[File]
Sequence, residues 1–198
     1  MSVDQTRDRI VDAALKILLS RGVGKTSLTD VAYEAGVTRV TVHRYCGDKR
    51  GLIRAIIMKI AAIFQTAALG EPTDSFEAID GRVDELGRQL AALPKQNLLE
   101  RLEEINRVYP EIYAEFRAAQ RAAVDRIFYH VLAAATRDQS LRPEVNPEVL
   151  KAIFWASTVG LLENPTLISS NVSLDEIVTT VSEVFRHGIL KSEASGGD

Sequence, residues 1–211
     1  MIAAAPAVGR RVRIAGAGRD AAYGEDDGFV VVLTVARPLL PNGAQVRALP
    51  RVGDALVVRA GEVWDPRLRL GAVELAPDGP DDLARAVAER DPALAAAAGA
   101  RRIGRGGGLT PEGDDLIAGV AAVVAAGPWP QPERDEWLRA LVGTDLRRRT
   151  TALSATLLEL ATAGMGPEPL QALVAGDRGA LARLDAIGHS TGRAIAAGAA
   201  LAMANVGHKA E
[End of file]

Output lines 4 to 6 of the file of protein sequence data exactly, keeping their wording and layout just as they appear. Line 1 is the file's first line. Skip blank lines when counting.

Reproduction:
   101  RLEEINRVYP EIYAEFRAAQ RAAVDRIFYH VLAAATRDQS LRPEVNPEVL
   151  KAIFWASTVG LLENPTLISS NVSLDEIVTT VSEVFRHGIL KSEASGGD

Sequence, residues 1–211